Let your words impart grace
Published 9:22 am Thursday, November 8, 2018
You have an advantage over me. As I write this piece, it is Monday morning, the day before the midterm elections. I do not know who is going to win what, whereas by the time you read this the outcome of the election will have been decided (you and I hope).
What neither Monday morning writer nor Thursday afternoon reader do not know is what it all means in the days ahead. But I can hazard one guess: it won’t change much in the ways we deal with each other.
We will still be living in a divided country. We will still be at edge with those we disagree with, especially if we happen to be in the same family. We will still have many fears that threaten our peace of mind.
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Differences of opinion happen. We know we can’t all be alike. In fact, our differences are what make us special. But when those differences become toxic, when they become weapons of our own self-righteousness, when they become excuses for beating each other up rather than listening to each other, then we have a problem.
The letter to the Ephesians is a fascinating epistle. It starts off with three chapters of praising God, and then three chapters of what praising God looks like in the ways we deal with each other. One of my favorite verses is the 29th verse of the fourth chapter “Let no evil talk come out of your mouths, but only what is useful for building up, as there is need, so that your words may give grace to those who hear.”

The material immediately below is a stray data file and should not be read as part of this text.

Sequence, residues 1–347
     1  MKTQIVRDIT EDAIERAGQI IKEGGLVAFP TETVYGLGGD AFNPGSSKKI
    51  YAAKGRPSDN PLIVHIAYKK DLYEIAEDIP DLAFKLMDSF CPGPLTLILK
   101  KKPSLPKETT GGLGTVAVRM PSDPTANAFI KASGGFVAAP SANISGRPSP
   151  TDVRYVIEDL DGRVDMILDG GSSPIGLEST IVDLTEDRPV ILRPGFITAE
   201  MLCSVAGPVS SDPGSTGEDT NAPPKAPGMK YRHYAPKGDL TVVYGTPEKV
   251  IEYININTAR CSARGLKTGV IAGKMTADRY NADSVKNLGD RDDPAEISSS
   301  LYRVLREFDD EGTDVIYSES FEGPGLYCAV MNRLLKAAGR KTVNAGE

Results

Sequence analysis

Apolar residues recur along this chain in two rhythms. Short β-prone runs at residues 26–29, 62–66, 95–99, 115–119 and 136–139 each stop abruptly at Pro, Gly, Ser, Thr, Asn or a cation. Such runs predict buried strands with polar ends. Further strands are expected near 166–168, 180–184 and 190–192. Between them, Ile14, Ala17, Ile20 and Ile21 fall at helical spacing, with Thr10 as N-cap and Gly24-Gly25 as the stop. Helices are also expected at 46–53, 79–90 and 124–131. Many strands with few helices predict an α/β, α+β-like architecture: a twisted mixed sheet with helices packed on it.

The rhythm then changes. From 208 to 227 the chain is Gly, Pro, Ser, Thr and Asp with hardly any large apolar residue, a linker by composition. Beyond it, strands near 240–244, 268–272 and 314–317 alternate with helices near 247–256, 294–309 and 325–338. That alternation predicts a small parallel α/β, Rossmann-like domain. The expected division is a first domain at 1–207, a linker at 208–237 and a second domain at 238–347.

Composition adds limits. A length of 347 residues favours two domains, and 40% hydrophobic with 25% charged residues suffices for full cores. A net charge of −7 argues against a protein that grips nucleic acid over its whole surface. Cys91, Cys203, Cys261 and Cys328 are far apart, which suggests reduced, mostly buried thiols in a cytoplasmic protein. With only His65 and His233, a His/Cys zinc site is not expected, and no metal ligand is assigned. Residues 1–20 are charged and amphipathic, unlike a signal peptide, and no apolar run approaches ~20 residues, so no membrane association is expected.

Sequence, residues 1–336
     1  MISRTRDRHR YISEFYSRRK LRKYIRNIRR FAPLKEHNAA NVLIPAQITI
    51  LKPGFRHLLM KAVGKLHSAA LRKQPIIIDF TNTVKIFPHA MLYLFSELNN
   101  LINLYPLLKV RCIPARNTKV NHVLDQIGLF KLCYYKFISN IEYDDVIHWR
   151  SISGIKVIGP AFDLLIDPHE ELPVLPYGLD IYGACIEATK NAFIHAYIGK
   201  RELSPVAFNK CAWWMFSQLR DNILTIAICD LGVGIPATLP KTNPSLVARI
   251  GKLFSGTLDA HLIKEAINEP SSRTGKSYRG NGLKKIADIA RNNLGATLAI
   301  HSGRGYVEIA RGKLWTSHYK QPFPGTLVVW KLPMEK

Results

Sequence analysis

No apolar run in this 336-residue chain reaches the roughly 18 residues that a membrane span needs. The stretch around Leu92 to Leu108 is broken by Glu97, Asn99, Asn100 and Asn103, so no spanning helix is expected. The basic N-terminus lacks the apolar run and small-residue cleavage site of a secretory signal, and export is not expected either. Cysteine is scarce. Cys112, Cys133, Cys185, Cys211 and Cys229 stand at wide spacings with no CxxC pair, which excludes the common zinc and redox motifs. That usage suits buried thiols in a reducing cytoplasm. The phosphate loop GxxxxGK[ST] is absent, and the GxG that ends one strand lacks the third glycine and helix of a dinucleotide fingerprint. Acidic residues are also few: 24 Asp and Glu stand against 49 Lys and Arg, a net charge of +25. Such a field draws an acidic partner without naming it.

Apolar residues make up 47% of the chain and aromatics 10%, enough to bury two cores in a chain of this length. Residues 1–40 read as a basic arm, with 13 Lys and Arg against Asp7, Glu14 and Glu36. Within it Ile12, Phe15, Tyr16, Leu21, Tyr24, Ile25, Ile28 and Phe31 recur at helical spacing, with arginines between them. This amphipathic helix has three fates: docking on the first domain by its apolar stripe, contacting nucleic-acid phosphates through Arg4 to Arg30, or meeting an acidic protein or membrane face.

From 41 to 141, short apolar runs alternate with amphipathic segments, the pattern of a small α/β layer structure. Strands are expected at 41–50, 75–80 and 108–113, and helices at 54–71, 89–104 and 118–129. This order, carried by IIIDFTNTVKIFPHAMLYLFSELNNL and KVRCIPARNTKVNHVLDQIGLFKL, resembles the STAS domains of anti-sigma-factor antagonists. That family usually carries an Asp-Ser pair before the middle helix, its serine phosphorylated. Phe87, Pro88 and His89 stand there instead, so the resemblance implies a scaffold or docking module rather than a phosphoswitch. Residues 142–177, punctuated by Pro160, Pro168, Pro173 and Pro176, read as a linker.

These are words of counsel given to the early church. But they are just as applicable to the wider society. “Let your words impart grace to those who hear.”
In our culture, this is not easy. I have to admit there are people, there are situations, in which it is extremely difficult to be gracious. But to do otherwise is to assume that I am better than the other, and that is not good ground for any relationship. We all have something to learn from each other, even if it is just one more lesson in patience and tolerance.
Our words are not supposed to be weapons, darts that we toss at each other malevolently. They are windows into our minds and our souls, by which others may see what is important to us, what our values are. They are also tools by which we may inform each other, not to seek to correct each other for their folly, but so that we might learn from each other and grow a little bit.
If this last election didn’t teach us anything may it help us to be a little more gracious to each other.
REV. DR. TOM ROBINSON is pastor of Farmville Presbyterian Church. He can be reached at firstname.lastname@example.org.